Sex differences in Alzheimer's disease: Understanding the molecular impact

Carlos A. Toro, Larry Zhang, Jiqing Cao, Dongming Cai

Research output: Contribution to journalReview articlepeer-review

54 Scopus citations

Abstract

Alzheimer's disease (AD) is a common neurodegenerative disorder that presents with cognitive impairment and behavioral disturbance. Approximately 5.5 million people in the United States live with AD, most of whom are over the age of 65 with two-thirds being woman. There have been major advancements over the last decade or so in the understanding of AD neuropathological changes and genetic involvement. However, studies of sex impact in AD have not been adequately integrated into the investigation of disease development and progression. It becomes indispensable to acknowledge in both basic science and clinical research studies the importance of understanding sex-specific differences in AD pathophysiology and pathogenesis, which could guide future effort in the discovery of novel targets for AD. Here, we review the latest and most relevant literature on this topic, highlighting the importance of understanding sex dimorphism from a molecular perspective and its association to clinical trial design and development in AD research field.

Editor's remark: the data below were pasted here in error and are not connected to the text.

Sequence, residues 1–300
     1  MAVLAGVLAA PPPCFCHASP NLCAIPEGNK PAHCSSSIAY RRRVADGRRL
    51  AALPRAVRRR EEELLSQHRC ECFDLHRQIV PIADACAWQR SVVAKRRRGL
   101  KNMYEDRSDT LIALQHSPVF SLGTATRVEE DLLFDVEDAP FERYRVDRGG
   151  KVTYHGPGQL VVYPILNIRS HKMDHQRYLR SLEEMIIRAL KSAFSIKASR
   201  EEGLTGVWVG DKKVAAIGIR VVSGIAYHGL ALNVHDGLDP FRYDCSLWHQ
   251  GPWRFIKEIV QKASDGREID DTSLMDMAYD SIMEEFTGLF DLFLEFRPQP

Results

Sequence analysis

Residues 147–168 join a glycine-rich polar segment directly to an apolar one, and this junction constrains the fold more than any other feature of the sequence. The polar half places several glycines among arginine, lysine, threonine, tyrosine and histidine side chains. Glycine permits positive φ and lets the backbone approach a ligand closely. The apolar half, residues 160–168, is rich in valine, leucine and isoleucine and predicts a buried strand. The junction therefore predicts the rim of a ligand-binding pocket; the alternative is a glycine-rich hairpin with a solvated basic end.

Original languageEnglish (US)
Pages (from-to)194-207
Number of pages14
JournalBrain Research
Volume1719
DOIs
StatePublished - Sep 15 2019
Externally publishedYes

Bibliographical note

Funding Information:
DC is supported by NIH R01 (1R01AG048923) and RF1 (1RF1AG054014), by Department of Veteran Affairs BLR&D (1I01BX003380) and RR&D (1I01RX002290), as well as by New York State SCI Foundation. CAT is supported by New York State SCI Foundation. LZ is supported by NIH R01 (1R01AG048923 for DC) and RF1 (1RF1AG054014 for DC). JC is supported by NIH R01 (1R01AG048923 for DC) and RF1 (1RF1AG054014 for DC).

Funding Information:
DC is supported by NIH R01 (1R01AG048923) and RF1 (1RF1AG054014), by Department of Veteran Affairs BLR&D (1I01BX003380) and RR&D ( 1I01RX002290 ), as well as by New York State SCI Foundation . CAT is supported by New York State SCI Foundation. LZ is supported by NIH R01 (1R01AG048923 for DC) and RF1 (1RF1AG054014 for DC). JC is supported by NIH R01 (1R01AG048923 for DC) and RF1 (1RF1AG054014 for DC).

Publisher Copyright:
© 2019

Keywords

  • Alzheimer's disease
  • Molecular impact
  • Pathogenesis
  • Risk factors
  • Sex differences

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